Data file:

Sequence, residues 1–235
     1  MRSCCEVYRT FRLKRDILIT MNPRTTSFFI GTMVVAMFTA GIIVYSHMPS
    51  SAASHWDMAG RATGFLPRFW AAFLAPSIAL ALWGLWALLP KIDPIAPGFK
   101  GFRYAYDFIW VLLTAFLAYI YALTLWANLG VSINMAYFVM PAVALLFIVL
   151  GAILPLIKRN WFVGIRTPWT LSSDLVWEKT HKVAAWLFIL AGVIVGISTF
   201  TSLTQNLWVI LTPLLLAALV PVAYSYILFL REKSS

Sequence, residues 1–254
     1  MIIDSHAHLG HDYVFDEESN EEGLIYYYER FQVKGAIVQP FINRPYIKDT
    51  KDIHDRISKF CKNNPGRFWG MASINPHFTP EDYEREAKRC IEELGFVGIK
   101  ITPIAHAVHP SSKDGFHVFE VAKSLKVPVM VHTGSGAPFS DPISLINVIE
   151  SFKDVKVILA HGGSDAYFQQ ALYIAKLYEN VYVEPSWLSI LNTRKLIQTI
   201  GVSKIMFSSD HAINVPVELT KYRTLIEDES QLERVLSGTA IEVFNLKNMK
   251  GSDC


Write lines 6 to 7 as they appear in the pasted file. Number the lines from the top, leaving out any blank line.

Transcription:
   201  TSLTQNLWVI LTPLLLAALV PVAYSYILFL REKSS

Sequence, residues 1–254